Table of Contents
Diseases Which have no Cure
Diseases which have no cure- Histamines are released as a result of allergies or allergic disorders.
The most common type of allergy is allergic rhinitis, which is often known as hay fever. Other allergies include atopic dermatitis, allergic, anaphylaxis, and food allergies (not to be confused with food intolerances or food poisoning).
Allergies can be frozen in several ways, including with antihistamines, corticosteroids, avoiding the allergen, and allergen immunotherapy (also known as desensitization.)
- The illness known as asthma increases the bronchial tubes’ susceptibility to irritation and inflammation.
- Although there is no known cure, there are treatments that can reduce the likelihood of an asthmatic attack in the patient.
Amyloid Angiopathy in the brain
- Amyloid beta peptide deposits in the walls of the central nervous system’s small to medium blood vessels and meninges cause cerebral amyloid angiopathy (CAA), a type of angiopathy.
- The word congophilic is used because microscopic examination of brain tissue after application of a specialized stain called Congo red can show the presence of aberrant amyloid aggregations.
- The condition is unrelated to other types of amyloidosis since the amyloid substance is solely present in the brain.
- The mental illness schizophrenia is marked by bizarre behavior, slurred speech, and disconnection from reality.
- Delusions, disordered thinking, the perception of voices that are not real, a loss of drive, a decrease in social interaction and emotional expression, and the perception of voices may also be symptoms.
- People who have schizophrenia frequently also suffer from anxiety, depression, or substance abuse issues.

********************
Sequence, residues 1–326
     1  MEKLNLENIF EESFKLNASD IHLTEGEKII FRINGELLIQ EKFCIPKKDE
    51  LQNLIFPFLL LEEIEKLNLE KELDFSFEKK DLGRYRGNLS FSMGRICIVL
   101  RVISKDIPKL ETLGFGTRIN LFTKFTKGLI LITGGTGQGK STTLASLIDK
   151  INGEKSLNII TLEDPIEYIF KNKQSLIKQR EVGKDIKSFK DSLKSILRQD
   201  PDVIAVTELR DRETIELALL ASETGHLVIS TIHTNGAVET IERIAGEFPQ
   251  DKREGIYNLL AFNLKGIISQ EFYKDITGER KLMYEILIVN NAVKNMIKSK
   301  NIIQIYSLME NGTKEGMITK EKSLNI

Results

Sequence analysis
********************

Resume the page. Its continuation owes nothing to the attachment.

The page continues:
- Most of the time, symptoms start in young adulthood, develop gradually, and never disappear.
- Coeliac disease, also known as celiac disease, affects persons of all ages who are genetically predisposed and is a chronic.
- Multi-organ autoimmune condition that primarily affects the small intestine and is brought on by ingesting gluten.
- The most prevalent variety is a “non-classic” appearance, which is more prevalent in older children (over 2 years old), adolescents, and adults.
- It is characterized by modest mucosal lesions without intestinal villi atrophy, fluctuating or sometimes wholly absent gastrointestinal symptoms.
- A wide range of extraintestinal manifestations that can affect any organ of the body, and frequently negative serological markers (TG2). The majority of instances go unidentified and undiagnosed.
- The uncertainty left untreated can result in various health issues and related conditions, including an increased risk of developing various cancers and a higher mortality rate.
- The only known effective treatment for the Celiac disease at this time is a rigorous, lifetime gluten-free diet.
- Which in most cases improves symptoms, allows the intestinal mucosa to heal, and lowers the risk of complications.
- Although there is no treatment for HIV/AIDS, medications can assist in managing its symptoms.
- A chronic degenerative condition of the central nervous system that primarily affects the motor system is known as Parkinson’s disease (PD). Non-motor symptoms are more prevalent as the disease progresses.
- Typically, the symptoms develop gradually. The most noticeable signs of the disease in its early stages include shaking, rigidity, slow movement, and trouble walking. Problems with thinking and conduct can also happen.
- In the later stages of the illness, dementia becomes more widespread.
- Along with being ordinary, depression and anxiety affect more than one-third of those with Parkinson’s disease. Sensory, sleep and emotional issues are other symptoms.
- The main motor symptoms are “parkinsonian syndrome” or “parkinsonism” together.